A growing furor over proposed changes to the California Public Records Act is threatening to undo this month’s relatively smooth budget negotiations.
Responding to criticism that the changes would substantially weaken California’s open records laws, Assembly Speaker John Perez announced the lower chamber would vote Thursday morning on a measure identical to the bill it passed last week, but not including the section dealing with open records. “To be clear, this means that the California Public Records Act will remain intact without any changes as part of the budget – consistent with the Assembly’s original action,” Pérez said in a statement.
But the Senate isn’t budging. President Pro Tem Darrell Steinberg says the Senate won’t vote on that new bill unless he sees evidence local governments are opting out of the public records requirements. Steinberg says the issue isn’t public records. It’s the fact the state is constitutionally required to pay for those local actions. “Unless the local governments are violating the law,” he told reporters, the state should not be on the hook for tens of millions of dollars to pay them for what they should be doing.”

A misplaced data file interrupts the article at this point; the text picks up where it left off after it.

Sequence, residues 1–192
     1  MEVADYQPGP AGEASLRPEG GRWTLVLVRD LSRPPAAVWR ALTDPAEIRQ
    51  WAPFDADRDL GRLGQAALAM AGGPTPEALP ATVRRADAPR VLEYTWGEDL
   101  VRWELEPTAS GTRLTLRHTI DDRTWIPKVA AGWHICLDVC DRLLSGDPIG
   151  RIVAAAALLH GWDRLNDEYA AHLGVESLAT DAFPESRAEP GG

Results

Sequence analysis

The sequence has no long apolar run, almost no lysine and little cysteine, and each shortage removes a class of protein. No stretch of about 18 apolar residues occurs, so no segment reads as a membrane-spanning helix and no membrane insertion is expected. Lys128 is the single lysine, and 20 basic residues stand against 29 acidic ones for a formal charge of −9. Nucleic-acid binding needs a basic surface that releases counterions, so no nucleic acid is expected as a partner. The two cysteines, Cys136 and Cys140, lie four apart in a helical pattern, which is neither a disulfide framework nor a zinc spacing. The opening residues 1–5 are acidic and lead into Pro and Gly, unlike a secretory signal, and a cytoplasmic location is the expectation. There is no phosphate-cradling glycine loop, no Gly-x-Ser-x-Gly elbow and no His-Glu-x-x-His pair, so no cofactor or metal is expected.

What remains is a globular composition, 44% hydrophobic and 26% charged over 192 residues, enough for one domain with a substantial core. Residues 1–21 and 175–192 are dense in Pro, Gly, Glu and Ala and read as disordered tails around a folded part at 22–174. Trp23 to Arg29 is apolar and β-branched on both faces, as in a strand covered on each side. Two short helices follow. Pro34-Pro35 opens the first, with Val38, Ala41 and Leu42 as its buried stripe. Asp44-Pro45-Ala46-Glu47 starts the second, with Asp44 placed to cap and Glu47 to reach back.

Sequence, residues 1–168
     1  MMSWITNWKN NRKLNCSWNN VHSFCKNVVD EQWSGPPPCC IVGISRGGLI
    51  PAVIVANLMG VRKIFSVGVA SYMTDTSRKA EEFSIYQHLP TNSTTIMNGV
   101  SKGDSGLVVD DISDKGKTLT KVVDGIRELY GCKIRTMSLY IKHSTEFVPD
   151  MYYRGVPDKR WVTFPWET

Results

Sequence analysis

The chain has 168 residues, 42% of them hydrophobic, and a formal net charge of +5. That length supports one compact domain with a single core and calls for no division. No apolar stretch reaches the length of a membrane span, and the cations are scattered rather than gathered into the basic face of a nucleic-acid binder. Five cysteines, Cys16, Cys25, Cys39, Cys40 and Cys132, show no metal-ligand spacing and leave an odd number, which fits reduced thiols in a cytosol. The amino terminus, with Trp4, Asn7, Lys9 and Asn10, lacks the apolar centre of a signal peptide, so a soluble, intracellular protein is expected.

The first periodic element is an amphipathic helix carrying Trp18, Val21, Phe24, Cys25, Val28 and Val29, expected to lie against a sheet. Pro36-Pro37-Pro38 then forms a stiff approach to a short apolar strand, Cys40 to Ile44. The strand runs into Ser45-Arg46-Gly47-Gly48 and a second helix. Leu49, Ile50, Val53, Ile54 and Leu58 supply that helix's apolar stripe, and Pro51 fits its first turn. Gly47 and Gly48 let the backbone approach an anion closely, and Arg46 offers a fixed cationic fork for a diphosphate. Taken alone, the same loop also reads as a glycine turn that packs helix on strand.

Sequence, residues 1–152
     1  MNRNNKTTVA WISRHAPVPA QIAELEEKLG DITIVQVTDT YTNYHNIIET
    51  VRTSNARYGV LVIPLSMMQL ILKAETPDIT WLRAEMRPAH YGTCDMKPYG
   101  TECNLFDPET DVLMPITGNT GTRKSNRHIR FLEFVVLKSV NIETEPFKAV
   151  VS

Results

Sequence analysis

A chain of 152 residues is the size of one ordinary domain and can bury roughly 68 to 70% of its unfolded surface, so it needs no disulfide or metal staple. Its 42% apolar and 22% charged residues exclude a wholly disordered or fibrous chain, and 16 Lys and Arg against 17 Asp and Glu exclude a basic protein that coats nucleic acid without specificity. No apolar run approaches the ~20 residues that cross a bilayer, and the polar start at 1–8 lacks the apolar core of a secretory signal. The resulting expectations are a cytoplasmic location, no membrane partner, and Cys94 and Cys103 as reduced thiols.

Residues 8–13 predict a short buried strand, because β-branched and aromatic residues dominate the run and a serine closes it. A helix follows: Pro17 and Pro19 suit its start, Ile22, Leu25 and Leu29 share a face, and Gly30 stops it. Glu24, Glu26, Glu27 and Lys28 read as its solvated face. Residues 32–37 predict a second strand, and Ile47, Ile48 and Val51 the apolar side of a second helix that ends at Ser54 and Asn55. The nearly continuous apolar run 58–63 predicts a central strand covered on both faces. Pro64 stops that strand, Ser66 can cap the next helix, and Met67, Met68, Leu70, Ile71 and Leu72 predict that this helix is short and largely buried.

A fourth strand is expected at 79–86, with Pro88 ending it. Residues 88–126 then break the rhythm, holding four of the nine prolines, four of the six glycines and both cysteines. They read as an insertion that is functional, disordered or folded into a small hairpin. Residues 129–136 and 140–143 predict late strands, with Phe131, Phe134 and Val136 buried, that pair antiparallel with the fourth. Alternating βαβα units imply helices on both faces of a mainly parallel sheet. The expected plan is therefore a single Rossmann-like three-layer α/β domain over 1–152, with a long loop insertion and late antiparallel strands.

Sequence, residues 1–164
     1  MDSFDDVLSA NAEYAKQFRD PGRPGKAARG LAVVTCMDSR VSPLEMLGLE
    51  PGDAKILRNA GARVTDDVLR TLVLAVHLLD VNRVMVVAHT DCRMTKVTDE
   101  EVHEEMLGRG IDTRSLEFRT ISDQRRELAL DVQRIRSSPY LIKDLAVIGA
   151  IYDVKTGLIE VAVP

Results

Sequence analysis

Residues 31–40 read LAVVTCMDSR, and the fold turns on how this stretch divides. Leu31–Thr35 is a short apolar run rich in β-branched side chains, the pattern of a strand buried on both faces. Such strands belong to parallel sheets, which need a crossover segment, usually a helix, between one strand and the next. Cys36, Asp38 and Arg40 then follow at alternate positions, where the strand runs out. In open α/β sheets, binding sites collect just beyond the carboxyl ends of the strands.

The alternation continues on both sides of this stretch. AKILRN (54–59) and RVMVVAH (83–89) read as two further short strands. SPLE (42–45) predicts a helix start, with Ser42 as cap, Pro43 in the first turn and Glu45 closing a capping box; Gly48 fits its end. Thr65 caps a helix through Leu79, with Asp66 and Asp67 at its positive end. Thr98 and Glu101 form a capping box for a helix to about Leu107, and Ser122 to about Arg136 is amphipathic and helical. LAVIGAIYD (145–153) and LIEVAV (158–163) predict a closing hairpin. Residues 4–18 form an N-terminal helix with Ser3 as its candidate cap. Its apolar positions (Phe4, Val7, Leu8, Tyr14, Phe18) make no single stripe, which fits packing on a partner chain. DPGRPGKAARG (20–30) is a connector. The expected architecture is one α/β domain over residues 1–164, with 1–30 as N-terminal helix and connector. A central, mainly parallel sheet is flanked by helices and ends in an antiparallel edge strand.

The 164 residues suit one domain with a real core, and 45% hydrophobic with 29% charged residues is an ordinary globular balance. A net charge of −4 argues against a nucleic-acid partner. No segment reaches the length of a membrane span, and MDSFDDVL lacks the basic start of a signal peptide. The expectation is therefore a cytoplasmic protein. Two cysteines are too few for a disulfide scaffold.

What’s this all about? As we've been reporting today, the proposed Public Records Act changes were included in one of the so-called trailer bills that lawmakers passed alongside the state budget last week. The bill removed the mandatory requirement that local governments respond to requests for documents within 10 days, provide electronic versions of records when available, and provide assistance to records-seekers who aren’t quite sure what they’re looking for. (For instance, if your town has an Excel spreadsheet of employee salaries that's subject to disclosure and you ask for that information, the town is obligated to provide it to you.) Such compliance under the bill would have been optional, redefined as "best practices."
After the bill was signed, various mayors, including San Francisco's Ed Lee, said local governments would continue to comply with the law. But First Amendment and open government advocates have been livid, and newspapers published editorials opposing the change, saying the law had been eviscerated. Journalists who rely on the law as an investigatory tool have also been highly critical .
Steinberg says the Senate will also vote soon on a constitutional amendment requiring local governments to foot the bill for public records responses, instead of passing the cost along to the state. California’s constitution requires the state to pay for mandates it imposes on local governments.